Born for Hell (1976) torrent download

Born for Hell


Drama / Thriller



Loosely based on the notorious Richard Speck murders, this is the grim tale of a disturbed Vietnam vet returning home via Belfast, who invades a house shared by eight nurses and proceeds to terrorize and murder them. —Magwell-1


Denis Héroux

Movie Reviews

Reviewed by Coventry 7 /10

Born for Hell?? No, born TO RAISE hell!

"Naked Massacre" is pretty strong stuff; a disturbing thriller definitely NOT for squeamish or faint-hearted people! It's not that gory or exaggeratedly sleazy, like the two key words of the title lead you to believe, but it's truly intense and filmed in such a sober way that you'll feel VERY uncomfortable. The story is something like Agatha Christie's "Ten Little Indians", only in this case it's Eight Pretty Nurses. Actually, that's not funny since this movie is inspired by the murders committed by real-life madman Richard Speck in 1966; Chicago. The setting of this notorious case has been moved, very ingeniously I may add, to Ireland in the mid-70's, when there was the post-Vietnam depression as well as the Irish civil war and bombings. On his way home from Vietnam, a young American soldier ends up in Belfast with no money or acquaintances. He's traumatized, has a very nihilistic world perspective and a petrifying hatred for women. It doesn't take long before he breaks into a mansion and starts terrorizing the eight young nurses that live there. "Naked Massacre" is obviously cheap and poorly edited, yet the atmosphere is constantly grim and the murders are genuinely shocking. The girls are physically abused, emotionally tortured and eventually stabbed to death with a BIG knife. There are no morals, comic reliefs or happy endings here, so only people with an iron stomach will be able to sit through this movie without suffering from nightmares afterwards. The acting performances are pretty decent, despite some of the dialogs being extremely inept and cheesy. Highly recommended in case you're searching for a horror/thriller that will really get under your skin.

Reviewed by lor_ N/A

Some background on this film

I've enjoyed reading the many comments on IMDb about this obscure film, which I saw on video back in 1986. Here's some background about its production (I advise you to just click on the personnel for further info): it was made at a time of very liberal tax shelter laws for international co-productions, with Canada making several arrangements with European nations and even Israel.

The writeoffs available to investors, often 200% or more, encouraged backing many oddball films that would not have been made normally -for example a lot of German and British-backed pictures I remember fondly like The Internecine Project (w/James Coburn), Inside Out (w/Telly Savalas), Paper Tiger (w/David Niven) or the weird robot movie Who? (w/Elliott Gould). Born for Hell was structured as a a complicated co-production, based in Germany with a veteran German producer (GEORG RUETHER), an up-and-coming French Canadian director DENIS HEROUX, plus story and script co-written by veteran director GEZA VON RADVANYI (who made one all-time classic neo-realist film, Women Without Names, way back in 1950).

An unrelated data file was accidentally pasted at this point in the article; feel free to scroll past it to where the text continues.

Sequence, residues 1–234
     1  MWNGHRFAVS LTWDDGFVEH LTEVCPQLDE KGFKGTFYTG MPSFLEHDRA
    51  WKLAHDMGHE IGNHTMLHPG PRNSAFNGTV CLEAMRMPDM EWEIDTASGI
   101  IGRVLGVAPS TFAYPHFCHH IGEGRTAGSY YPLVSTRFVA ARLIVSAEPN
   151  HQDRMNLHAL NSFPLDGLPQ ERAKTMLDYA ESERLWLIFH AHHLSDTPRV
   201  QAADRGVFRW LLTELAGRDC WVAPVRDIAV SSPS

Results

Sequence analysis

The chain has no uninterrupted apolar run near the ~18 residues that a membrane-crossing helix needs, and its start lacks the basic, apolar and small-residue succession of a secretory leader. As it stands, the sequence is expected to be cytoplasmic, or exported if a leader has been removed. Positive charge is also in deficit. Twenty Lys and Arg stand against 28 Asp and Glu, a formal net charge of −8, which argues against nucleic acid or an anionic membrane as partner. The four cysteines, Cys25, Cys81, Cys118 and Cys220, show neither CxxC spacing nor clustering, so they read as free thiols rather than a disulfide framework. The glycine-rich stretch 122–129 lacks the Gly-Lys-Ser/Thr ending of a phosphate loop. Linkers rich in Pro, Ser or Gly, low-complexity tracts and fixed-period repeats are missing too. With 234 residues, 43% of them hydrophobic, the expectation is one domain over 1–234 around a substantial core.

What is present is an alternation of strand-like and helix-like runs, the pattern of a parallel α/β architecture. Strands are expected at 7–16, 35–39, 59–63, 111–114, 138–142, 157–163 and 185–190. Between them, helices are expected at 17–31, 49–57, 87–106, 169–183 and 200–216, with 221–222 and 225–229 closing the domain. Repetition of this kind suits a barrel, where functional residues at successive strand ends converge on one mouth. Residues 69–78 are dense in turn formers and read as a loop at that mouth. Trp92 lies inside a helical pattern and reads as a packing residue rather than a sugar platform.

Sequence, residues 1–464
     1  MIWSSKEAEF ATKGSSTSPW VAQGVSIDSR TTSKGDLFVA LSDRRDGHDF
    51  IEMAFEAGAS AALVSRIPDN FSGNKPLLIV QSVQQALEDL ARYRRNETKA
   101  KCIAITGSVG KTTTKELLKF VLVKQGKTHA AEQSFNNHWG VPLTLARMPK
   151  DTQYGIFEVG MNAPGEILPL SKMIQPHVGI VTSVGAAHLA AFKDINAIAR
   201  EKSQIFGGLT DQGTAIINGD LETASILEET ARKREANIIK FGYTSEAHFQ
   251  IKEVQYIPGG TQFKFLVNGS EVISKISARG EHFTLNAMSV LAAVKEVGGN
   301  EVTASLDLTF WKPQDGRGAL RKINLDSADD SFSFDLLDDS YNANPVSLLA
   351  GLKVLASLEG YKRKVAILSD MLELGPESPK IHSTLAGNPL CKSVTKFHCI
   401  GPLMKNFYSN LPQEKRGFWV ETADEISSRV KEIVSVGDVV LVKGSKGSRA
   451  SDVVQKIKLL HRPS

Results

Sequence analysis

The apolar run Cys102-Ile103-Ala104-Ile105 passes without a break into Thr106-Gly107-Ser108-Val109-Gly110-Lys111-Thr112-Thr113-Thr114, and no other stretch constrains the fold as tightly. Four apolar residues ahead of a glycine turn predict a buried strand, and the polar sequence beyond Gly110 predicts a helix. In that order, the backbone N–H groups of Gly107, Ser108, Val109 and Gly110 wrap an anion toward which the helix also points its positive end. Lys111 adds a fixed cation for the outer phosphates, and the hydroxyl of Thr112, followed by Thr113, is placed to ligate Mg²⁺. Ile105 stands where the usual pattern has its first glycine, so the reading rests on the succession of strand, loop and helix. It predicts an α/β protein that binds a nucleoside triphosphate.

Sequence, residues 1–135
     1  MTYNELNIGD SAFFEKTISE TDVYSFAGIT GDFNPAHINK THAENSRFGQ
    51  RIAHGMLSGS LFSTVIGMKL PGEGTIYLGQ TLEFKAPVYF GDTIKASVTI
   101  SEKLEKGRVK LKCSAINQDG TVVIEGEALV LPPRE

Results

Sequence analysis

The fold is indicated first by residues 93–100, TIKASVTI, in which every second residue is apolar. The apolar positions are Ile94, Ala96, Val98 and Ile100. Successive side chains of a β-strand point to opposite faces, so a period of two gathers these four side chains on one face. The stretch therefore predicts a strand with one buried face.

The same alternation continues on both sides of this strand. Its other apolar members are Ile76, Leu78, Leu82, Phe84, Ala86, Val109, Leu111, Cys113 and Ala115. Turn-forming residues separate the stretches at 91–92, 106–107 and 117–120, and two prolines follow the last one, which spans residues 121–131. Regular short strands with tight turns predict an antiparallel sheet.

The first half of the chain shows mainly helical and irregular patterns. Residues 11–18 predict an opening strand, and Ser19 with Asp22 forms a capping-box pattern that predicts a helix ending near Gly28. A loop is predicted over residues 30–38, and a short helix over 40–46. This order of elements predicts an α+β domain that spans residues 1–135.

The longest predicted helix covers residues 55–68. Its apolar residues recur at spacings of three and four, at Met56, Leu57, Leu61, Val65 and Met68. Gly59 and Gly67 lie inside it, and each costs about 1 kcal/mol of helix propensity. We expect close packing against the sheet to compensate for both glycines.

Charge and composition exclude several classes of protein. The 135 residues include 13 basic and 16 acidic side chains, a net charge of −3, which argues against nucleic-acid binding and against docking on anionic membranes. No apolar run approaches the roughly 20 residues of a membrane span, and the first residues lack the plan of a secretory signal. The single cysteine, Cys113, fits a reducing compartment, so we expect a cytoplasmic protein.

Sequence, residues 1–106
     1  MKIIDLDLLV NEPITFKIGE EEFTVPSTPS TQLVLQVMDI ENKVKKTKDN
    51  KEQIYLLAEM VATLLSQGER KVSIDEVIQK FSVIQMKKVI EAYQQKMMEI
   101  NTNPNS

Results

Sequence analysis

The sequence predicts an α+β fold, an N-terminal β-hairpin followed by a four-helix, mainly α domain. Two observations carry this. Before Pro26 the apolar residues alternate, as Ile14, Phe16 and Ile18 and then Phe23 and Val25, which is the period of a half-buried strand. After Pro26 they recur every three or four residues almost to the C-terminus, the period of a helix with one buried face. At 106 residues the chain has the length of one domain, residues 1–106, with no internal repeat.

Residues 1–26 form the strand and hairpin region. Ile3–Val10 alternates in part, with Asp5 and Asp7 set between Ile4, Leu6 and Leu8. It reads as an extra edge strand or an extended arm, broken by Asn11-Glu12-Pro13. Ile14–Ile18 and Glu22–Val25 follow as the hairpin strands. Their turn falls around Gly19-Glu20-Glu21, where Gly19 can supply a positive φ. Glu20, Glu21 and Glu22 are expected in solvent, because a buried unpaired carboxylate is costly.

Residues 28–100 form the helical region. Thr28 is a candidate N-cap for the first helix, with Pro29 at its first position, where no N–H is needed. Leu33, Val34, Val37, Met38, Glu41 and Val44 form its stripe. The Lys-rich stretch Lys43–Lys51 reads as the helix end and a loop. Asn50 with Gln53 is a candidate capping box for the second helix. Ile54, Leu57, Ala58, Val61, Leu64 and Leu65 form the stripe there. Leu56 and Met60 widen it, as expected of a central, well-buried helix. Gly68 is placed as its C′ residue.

When I saw Born for Hell ten years after it was made I was shocked by the unbelievable cast of European greats and near-great talents that had been rounded up. Quota systems meant that actors from each co-production country had to be chosen, and in this case we have quite a lineup:

MATTHIEU CARRIERE from Germany is the lead; he's starred in many top-notch features, back to Schlondorff's Young Torless and some fine films by Andre Delvaux, Erich Rohmer, Marguerite Duras (classic India Song), the title role in the memorable Egon Schiele, Robert van Ackeren's A Woman in Flames and even some U.S. and Canadian assignments.

His female costars are: CAROLE LAURE, French Canadian, the star of Dusan Makavejev's Sweet Movie, Gilles Carle's excellent The Head of Normande St. Onge and later on Bertrand Blier's Get Out Your Handkerchiefs;

CHRISTINE BOISSON, the French star who had been featured in the mega-hit Emmanuelle, but blossomed as the star of Antonioni's Identification of a Woman, while also working for Miklos Jancso, Alain Robbe-Grillet and other top helmers;

MYRIAM BOYER, French character actress who had already been in a Claude Sautet hit Vincent, Francois... but in 1976 was part of the ensemble of the breakthrough Swiss picture Alain Tanner's Jonah Who Will Be 25 in the year 2000;

EVA MATTES, German star of many classics by Fassbinder, notably Jail Bait, Bitter Tears of Petra von Kant and In a Year of 13 Moons, Herzog's brilliant Stroszek and Woyzeck, plus her best assignment in the title role of Percy Adlon's Celeste (about Proust's loyal servant);